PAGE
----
Einstein said that repeating the same action over and over again expecting a different result is a sign of insanity. If so, making reservations for the height of the season in Florida for camping and traveling are insane. Louise and I had a great time touring Florida, but there was no doubt in my mind that we were extremely lucky. For a significant portion of the trip we were staying with friends and family, and the balance of the trip was calculated to stay at those less than attractive sites that dissuade long-term campers. (ie: campsites with no electricity, water or sewer). I think that we meet a more self-reliant, independent, adventurous cut of traveler at the places with a picnic table and a view, than those places with all the utilities of home, but I think electricity in 90° weather is really nice.
The two times we stayed at a place that reservations were mandatory, we were lucky and got one at the 12th hour. There was room in the inn at Flamingo, but getting an electrical site there was like hitting the Powerball. We didn’t get one, and the staff was so nasty that we stopped asking. We slept in the heat with our dependable 12v trucker fan and didn’t sweat too much. Ah, the power of positive thinking!
I stayed in the Keys in 1972 for a month as part of a college course (no wise cracks please) and returning to spend significant time there has been on my short bucket list ever since. The day after we bought the RV, I got on the Internet and looked for a campground in the Florida Keys, and discovered they were booked in advance for eleven months, the limit of the booking window. We took a day trip to the Keys this time, and had a great time, but it involved driving eighty plus miles and the last twenty were a test, after a long fun-filled day. I hadn’t attempted to look for a reservation in the two Keys State Parks before we took off on our day adventure because I perceived it to be a fool’s errand.
Upon returning home to the real world that was another matter. The State of Florida, and many others, uses a company called www.reserveamerica.com to manage the rental of camping sites. The company gets a cut of the rental, all of the reservation fees and all of the cancellation fees. The parks no longer need employees, or computer systems to manage the rentals, and have fully rented, if not fully occupied campgrounds, at peak season.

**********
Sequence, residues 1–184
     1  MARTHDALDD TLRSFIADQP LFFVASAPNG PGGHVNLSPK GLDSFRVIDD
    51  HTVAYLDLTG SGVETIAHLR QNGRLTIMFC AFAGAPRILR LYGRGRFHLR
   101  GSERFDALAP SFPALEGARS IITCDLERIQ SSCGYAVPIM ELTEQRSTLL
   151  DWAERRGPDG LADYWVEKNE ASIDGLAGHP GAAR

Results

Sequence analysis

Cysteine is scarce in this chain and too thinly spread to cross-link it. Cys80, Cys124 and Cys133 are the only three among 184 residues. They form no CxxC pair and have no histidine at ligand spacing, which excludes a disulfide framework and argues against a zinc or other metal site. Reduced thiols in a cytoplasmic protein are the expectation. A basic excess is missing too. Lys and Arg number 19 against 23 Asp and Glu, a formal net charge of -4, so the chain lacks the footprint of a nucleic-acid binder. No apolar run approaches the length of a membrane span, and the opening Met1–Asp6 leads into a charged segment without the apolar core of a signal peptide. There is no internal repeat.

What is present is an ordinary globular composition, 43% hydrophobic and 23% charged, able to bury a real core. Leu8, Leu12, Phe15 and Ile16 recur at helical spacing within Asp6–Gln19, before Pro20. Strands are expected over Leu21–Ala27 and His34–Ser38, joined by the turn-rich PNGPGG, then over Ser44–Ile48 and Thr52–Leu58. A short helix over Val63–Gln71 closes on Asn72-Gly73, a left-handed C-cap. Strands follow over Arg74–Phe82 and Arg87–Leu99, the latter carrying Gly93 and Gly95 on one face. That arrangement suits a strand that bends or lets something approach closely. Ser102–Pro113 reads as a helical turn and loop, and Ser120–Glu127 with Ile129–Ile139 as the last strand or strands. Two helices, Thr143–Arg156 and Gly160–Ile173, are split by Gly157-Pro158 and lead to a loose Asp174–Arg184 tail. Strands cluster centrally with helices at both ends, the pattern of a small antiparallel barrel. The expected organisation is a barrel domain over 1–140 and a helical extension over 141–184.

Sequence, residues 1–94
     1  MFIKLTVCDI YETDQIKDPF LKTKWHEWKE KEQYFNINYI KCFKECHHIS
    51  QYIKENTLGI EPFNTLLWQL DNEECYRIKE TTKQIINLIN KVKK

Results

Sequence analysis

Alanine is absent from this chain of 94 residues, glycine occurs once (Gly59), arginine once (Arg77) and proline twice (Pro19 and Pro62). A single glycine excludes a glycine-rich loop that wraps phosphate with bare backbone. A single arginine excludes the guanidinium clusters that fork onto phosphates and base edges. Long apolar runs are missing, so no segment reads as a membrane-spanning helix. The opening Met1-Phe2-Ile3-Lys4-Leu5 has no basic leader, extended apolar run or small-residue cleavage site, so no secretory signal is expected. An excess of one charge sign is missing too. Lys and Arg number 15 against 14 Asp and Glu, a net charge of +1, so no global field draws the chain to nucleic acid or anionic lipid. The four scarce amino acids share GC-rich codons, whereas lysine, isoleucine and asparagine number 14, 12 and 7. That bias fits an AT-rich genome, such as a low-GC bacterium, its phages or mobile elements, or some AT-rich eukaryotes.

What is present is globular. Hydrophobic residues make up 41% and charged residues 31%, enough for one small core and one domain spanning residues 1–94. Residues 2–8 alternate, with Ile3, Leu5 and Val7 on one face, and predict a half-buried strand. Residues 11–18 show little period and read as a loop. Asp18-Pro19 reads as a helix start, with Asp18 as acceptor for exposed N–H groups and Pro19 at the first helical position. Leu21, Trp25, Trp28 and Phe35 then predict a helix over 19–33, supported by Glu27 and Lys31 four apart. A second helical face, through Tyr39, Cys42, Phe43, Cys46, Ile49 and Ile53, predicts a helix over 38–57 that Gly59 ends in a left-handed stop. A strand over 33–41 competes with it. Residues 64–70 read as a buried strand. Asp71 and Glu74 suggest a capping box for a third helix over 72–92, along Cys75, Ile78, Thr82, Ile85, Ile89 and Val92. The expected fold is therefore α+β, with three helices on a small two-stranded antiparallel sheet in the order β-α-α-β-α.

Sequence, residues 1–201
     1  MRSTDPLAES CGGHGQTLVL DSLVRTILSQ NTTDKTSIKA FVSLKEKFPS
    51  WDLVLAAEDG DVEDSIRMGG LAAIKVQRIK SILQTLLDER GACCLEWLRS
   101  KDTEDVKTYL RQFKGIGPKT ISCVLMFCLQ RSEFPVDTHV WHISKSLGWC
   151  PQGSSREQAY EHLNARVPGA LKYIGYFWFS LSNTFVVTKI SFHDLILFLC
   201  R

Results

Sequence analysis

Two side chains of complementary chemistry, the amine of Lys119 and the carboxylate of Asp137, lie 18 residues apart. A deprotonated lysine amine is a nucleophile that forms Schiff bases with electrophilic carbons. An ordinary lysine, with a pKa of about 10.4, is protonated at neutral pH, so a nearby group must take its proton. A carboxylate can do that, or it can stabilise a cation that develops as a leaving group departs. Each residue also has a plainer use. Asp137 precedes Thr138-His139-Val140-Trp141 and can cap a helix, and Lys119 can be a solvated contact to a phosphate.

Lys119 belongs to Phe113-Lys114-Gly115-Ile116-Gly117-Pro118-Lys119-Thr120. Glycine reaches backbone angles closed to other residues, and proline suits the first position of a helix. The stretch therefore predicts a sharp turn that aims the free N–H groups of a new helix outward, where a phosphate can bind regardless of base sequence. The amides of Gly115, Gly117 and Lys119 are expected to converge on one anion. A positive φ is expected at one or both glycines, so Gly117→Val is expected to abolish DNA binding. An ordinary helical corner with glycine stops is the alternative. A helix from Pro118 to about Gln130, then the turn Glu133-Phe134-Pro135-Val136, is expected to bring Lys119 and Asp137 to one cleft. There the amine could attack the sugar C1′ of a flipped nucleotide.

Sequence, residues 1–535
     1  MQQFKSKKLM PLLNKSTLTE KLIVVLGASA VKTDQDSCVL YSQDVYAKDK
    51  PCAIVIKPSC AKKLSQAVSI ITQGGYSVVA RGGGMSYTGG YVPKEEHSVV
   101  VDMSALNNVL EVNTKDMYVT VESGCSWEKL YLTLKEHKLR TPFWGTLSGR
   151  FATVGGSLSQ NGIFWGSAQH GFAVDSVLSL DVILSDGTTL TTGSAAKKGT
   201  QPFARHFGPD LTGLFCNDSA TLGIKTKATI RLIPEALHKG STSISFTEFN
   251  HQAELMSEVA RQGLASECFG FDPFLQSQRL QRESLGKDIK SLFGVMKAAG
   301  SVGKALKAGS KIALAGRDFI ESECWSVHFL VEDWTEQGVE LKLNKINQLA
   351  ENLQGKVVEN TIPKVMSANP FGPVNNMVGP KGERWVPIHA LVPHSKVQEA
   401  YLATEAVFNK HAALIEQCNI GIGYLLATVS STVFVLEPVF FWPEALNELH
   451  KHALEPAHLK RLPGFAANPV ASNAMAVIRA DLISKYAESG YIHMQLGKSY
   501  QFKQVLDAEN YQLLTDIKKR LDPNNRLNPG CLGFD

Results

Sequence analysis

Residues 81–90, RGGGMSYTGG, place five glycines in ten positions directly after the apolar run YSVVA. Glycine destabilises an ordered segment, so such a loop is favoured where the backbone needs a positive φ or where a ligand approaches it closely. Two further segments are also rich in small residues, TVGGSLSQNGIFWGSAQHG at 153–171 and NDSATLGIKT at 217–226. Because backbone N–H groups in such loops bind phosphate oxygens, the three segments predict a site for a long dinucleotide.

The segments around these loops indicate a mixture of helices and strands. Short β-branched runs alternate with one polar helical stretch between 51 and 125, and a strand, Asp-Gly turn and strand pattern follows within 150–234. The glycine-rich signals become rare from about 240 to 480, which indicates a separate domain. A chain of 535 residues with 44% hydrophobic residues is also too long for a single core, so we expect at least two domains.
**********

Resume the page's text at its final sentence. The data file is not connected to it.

For the park, it’s a boon. You get all the rental money coming to you, and often, although the park is all rented out, you may have 20% or more vacancies. Less wear and tear, less cleaning, less trash and so on, and, it’s not like a hotel reservation, where if you don’t show up, the hotel keeps your money and then is able to rent the room afterwards, so you never have an argument over a spot. The downside for the parks is that they have no idea how many spaces they do, or don’t, have. The parks have to go on-line to take a look, and if you know how to game the system as a patron, you can turn your allowable 14 day window into sixty days at a park or more.
Back to the point. I set to discovering when to make a reservation, and how far in advance a reservation can be made. I then started in with a vengeance attempting to make a reservation for the Florida Keys in February at either Bahia Honda State Park or Long Key State Park. I’d sit at the computer with my National Institute of Time webpage open to see the exact time, and at exactly the right time, I’d click the button with my mouse to make my reservation, and result would be’ no available reservation’. In less than a second, all the open reservations would be gone. After two weeks of this, I obtained some technology, and determined that within one one hundredth of a second after the allowable reservation time, there was no available reservations (using multiple computers too). So, after four weeks of doing the same thing, I obtained the same result, and I’m now faced with a conundrum. Am I truly crazy, and will continue to try and get a reservation until I never get a site in the Keys, or do I somehow figure out how all those other folks make a reservation in some thousandths of a second? We’ll let you know.
The trip was a success. We were very lucky and squeaked between some really nasty storms on both the way south and on the way back north. We were only nearly kamakazied twice, and the errant drivers missed both times. We found a place to stay when we really needed one. We had a blast with our friends. We fit the RV into several places I thought one would never fit. We got by with a little help from our friends. We had glorious weather while the rest of the country suffered. We saw beautiful places that I’d never seen before. Knocking on wood, everything on the RV worked, and what small things broke were fixable, and when I ignored them for the meantime, magically some of the problems resolved themselves without my intervention.
I think the most important transition, for me, on the trip, was that the RV transformed from an adventure on wheels to a vehicle that allows us to travel to neat places. I’d always been of the mind that the journey was the adventure, but I’m coming around to the idea that the journey and the destination are equal partners in the adventure. We’ll have more fun this year, and we’ll keep you posted.